Keith Carpenter wrote:
Joe Pluta wrote:
Personally, I'm a big fan of the black box "business logic server". ISVs can write super-powerful high performance business logic that uses both SQL and native access as necessary and supplies interfaces via browser, web service and REST. It can run in a partition on a tower, or on a blade in a rack.

Just think of RPG as power tools for DB2: when you really, really need to get there faster than SQL can do it.

I like it.

A p,i and z consolidation would allow IBM to start on the merging of the 3 flavors of DB2. Keeping native access (ISAM,VSAM or whatever you want to call it) would of course be essential to us.

Call it a black box or some kind of DB2 OS/LPAR/appliance.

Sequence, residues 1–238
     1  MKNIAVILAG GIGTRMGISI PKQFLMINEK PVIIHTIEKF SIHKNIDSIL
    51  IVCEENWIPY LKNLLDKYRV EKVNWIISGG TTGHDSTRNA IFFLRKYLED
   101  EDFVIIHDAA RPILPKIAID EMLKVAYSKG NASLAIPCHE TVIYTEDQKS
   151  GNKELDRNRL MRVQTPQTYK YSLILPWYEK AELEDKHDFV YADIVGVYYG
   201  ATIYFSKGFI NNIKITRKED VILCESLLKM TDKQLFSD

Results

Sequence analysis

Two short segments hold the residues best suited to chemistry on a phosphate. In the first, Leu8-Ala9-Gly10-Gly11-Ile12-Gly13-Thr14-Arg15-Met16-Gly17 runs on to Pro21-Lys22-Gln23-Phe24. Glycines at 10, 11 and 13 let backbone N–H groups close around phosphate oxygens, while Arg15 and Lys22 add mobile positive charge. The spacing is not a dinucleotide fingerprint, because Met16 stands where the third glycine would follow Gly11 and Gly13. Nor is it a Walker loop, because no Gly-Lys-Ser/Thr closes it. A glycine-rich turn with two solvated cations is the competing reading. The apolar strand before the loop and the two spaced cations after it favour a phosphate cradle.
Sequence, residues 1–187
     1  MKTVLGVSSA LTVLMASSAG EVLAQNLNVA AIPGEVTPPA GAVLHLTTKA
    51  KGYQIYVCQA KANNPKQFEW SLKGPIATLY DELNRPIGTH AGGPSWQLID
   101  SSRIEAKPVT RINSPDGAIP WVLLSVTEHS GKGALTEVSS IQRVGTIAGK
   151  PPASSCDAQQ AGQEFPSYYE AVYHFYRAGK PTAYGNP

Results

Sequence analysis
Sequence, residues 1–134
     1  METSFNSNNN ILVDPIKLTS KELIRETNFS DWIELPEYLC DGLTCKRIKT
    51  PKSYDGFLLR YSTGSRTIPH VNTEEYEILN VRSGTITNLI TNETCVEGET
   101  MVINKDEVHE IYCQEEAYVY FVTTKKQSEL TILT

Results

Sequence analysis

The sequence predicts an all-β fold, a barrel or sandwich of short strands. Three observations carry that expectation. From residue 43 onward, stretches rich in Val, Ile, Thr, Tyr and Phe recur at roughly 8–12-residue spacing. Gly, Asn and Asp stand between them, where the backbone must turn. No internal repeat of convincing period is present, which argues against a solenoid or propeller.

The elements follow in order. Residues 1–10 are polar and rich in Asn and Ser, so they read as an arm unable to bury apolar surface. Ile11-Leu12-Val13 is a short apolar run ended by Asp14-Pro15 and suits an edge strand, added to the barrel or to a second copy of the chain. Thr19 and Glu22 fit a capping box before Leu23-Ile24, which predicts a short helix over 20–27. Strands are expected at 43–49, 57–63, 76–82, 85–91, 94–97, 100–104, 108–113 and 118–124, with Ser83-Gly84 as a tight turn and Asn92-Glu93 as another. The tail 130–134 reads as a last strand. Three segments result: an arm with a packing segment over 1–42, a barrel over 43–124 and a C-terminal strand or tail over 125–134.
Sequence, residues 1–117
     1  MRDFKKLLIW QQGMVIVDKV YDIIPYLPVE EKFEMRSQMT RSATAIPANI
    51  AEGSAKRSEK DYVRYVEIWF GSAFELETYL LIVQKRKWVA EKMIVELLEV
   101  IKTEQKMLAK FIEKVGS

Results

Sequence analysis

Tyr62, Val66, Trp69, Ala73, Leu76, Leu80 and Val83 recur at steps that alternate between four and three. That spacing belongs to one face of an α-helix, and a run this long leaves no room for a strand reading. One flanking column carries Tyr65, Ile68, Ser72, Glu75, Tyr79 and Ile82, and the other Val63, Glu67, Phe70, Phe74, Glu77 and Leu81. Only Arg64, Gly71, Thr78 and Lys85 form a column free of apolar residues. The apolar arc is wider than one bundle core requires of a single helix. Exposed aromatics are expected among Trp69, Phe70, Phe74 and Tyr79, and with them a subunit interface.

That's exactly what I'm thinking. I think I've actually used the term "business logic appliance". In this day of plug and play, nobody should care. As long as it talks via standard protocols (such as REST or web services) and can be confgiured via a web interface, it's no different than a router or a firewall appliance. Do you really care what's running underneath? The only difference is that it will support lots of users incredibly quickly; my guess is the cost per user interaction would be very low.


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